If it’s not enough that some shows are getting more and more predictable and fake, it doesn’t help that everyone is trying to do the same type of reality show. Need an example? How about the producers of “Big Brother” (CBS) who are suing the creator and producers of ABC’s new show “The Glass House.” The shows are very similar: A bunch of randoms are stuck in a house with cameras all over to compete for money while dealing with the drama that they (or writers) create. And it doesn’t help that many of the former employees of “Big Brother” are now working for the “Glass House.”
“Duets” is like “The Voice,” and “The X Factor” is like “American Idol.” You can find a different rehab-meets-intervention show depending on what channel you choose, and we’re just waiting patiently for The Real Housewives of Alaska. And if you hadn’t also noticed, there’s a reality competition to get in damn near every occupation you want: modeling, cooking, acting, etc. and one for every hobby and job available (towing, working in pawn shops, fishing, being a hairstylist, a doctor, as well as a gypsy and a jailed mobster’s wife). We could be reaching reality TV overload.
The Bottom Line: Do We Care Anymore?
There are definitely a load of reality TV shows on now that we probably won’t see again (good luck “Duets”), but for every failure of one, there comes another to take its place. Another celeb ready to put their lives out there, another everyday Joe or Jane Schmo ready to become an overnight celebrity. Do we constantly complain and critique these people who put their lives out there for us to see? Yes. Do we have to watch these shows to live? No. At the end of the day, no one forces anyone to watch reality TV. While it may be on almost every blog and entertainment show, realize why it’s there–there is a general interest and a large audience for them. If we want to see more scripted television with smart plot lines and that give real hardworking actors jobs, the attention should be placed on Meagan Good and Laz Alonso’s new fall show, “Infamous,” Kerry Washington’s upcoming second season of “Scandal” or even Michael Jai White and Tasha Smith’s new comedy, “For Better or Worse.” Then we may see an even bigger change in the programming and the way our people are presented (since that’s what anti-reality TV folks have been calling for). But it all depends on the storylines we see. The more dull or ridiculous things get in a story, the less viewers you’ll see for scripted television and the more you’ll find for reality TV, talking over coffee in the morning about folks with names like Karlie Redd and Joseline. Why? Well, let’s keep it real. Sometimes it’s nice to see that in one hour, your life isn’t as much of a hot mess as someone else’s. So while it might have been a cruel summer for reality TV, once fall comes around, those barking about the options now will probably be circled around somebody’s computer talking about “Basketball Wives” and RHOA. So in the meantime, support what you want to see more of, and stop partaking in what you would like to see less of. Do your part and hope that the reality TV overload will die down (or die off completely) soon enough.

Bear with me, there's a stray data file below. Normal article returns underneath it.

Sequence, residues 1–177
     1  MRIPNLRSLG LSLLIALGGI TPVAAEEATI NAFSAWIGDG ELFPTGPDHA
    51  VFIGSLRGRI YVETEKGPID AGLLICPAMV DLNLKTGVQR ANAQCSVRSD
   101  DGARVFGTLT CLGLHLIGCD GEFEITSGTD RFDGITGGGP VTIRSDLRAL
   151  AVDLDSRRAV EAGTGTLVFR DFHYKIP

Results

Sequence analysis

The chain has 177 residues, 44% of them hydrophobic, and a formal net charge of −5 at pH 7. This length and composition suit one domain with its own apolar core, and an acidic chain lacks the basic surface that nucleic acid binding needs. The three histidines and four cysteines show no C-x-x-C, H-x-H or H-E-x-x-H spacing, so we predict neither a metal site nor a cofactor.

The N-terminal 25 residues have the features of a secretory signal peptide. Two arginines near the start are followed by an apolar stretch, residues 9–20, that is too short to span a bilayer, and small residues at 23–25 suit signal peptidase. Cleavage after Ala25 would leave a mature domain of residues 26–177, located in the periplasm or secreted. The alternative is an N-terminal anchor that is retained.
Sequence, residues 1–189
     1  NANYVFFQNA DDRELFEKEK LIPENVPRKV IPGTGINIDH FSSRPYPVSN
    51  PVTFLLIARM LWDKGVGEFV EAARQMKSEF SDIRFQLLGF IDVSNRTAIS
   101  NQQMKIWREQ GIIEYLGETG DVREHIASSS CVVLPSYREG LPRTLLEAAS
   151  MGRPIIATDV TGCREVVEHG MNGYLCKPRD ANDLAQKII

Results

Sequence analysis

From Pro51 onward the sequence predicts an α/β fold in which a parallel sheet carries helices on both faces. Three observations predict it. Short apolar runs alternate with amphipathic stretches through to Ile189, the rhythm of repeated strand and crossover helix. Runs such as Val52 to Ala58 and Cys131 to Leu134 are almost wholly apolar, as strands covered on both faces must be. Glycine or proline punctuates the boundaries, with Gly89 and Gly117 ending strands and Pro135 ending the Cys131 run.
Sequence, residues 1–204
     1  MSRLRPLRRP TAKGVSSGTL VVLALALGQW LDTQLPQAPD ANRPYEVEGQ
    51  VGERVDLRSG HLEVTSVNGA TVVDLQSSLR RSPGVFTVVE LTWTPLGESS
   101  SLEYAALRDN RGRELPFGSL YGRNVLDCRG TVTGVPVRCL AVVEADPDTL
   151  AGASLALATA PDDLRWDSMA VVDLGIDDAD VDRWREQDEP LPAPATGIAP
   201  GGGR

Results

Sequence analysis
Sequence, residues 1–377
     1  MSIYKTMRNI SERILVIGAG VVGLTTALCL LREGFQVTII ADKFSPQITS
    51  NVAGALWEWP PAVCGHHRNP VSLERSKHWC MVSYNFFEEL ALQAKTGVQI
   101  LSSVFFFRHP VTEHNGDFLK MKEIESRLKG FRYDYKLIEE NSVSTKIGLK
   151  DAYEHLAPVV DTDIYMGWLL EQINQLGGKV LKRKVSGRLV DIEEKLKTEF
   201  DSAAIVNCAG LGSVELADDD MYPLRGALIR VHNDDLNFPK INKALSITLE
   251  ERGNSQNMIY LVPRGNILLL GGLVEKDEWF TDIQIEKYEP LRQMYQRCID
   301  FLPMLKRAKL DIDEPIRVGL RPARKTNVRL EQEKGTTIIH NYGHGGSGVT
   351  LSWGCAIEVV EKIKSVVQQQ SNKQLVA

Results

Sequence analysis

But don’t hold your breath…